With the ink barely dry on its water policy legislation, the Florida House is already mapping out a new plan for land conservation. Republican leaders began focusing Friday on Amendment 1 and how it fits in to managing millions of wilderness acres.
Environmentalists smelled victory as soon as Amendment 1 reached the November ballot. The same day 75 percent of voters approved it, visions of wildlife preserves, white beaches and sparking springs danced in their heads.
“I think it overwhelmingly demonstrated their support for increased funding – increased state funding – for water and land conservation and we’re hoping to carry that message into the state Legislature.”
Now that Amendment 1’s funneling $750 million into the environment, Republican House leaders are beginning to focus their gaze on the state’s 12 million acres of public wilderness.
“What does that look like when you put it all together and what is the most critical need for us to focus that money?”
That’s House State Affairs Committee Chairman Matt Caldwell. The Republican from North Fort Myers was describing his committee’s informational hearing on state land policy. Committee members listened to state lands director Kelley Boree give a few examples of the Department of Environmental Protection’s land preservation efforts in the past year.
“We’ve protected Bronson Springs in Washington County, we’ve acquired more than 900 acres in the Florida Keys ecosystem project..”
Boree’s dry recitation is a perfect example of what most voters pictured when they filled in the little circle for Amendment 1 – setting aside land to keep a step ahead of the bulldozer and the next strip mall.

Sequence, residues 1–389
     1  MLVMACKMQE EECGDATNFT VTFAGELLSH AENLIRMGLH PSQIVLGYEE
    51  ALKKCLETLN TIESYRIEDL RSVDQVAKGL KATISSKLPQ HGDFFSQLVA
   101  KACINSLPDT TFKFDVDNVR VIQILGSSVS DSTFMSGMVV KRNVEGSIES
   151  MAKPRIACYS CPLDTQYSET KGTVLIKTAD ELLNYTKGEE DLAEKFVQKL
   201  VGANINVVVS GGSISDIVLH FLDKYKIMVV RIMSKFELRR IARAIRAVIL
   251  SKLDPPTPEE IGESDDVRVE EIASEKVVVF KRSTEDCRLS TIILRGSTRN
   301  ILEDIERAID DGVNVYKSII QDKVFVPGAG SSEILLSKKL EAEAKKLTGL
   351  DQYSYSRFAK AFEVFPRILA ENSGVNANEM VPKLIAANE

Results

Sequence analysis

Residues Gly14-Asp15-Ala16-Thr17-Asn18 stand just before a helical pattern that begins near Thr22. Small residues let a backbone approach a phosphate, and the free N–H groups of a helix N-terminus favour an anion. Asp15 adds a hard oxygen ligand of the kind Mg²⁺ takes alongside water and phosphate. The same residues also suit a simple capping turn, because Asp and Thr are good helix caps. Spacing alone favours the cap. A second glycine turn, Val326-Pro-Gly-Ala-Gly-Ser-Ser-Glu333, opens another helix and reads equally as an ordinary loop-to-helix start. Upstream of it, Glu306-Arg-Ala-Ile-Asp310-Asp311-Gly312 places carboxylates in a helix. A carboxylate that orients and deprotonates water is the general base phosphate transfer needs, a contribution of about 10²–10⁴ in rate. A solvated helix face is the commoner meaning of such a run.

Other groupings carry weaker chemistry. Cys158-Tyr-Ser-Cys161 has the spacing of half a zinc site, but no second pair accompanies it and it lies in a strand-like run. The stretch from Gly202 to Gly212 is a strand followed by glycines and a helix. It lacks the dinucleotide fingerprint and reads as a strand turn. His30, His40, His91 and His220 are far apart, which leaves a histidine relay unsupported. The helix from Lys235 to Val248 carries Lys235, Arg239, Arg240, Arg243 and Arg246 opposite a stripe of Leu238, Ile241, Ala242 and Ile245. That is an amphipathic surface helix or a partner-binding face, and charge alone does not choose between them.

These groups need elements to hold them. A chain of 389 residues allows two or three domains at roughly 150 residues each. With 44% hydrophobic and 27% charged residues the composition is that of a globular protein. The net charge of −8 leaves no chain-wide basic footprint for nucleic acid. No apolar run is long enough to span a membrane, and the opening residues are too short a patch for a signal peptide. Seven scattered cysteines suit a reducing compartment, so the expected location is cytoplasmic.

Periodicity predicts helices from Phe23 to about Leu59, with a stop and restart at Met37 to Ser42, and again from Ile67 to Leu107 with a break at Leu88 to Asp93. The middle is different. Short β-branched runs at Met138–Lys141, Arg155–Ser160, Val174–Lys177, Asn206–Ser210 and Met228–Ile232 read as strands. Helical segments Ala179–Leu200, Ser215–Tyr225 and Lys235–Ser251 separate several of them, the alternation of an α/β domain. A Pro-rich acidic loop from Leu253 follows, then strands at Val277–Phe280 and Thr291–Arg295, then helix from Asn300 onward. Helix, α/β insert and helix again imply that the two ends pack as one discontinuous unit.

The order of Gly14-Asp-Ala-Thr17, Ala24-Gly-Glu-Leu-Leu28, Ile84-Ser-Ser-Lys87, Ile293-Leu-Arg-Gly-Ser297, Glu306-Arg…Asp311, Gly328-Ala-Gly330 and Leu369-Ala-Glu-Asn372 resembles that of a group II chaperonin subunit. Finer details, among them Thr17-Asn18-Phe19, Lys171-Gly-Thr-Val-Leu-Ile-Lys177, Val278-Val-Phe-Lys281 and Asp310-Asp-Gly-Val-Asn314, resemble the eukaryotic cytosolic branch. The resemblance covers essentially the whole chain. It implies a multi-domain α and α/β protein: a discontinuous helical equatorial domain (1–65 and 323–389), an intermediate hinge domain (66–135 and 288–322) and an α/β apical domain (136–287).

But to some conservative Republicans, Amendment 1 opens the door to an old debate. Why take more property off the tax rolls? Why not manage the land we already have? In fact, Representative Ray Pilon, a Republican from Sarasota, thinks regulators should rethink the land they’ve already bought.“We want to make sure that the land that we have is managed properly and that any land that’s in current ownership might be surplussed, to continue on that because sometimes it’s not environmentally valuable.”And as the land debate heats up, some of the dispute is spilling over into the group that wrote Amendment 1. Ken Bryan, director of Rails-to-Trails Conservancy, thinks 10 percent of Amendment 1 money should go to completing a bike and nature trail from Pensacola to Key West. “And we’re still having difficult conversations with our sister organizations about how do we get the resources that we need to the trail so that we can make this happen.”The House passed its massive rewrite of state water policy in the first three days of session. Crafting a state land policy could take weeks.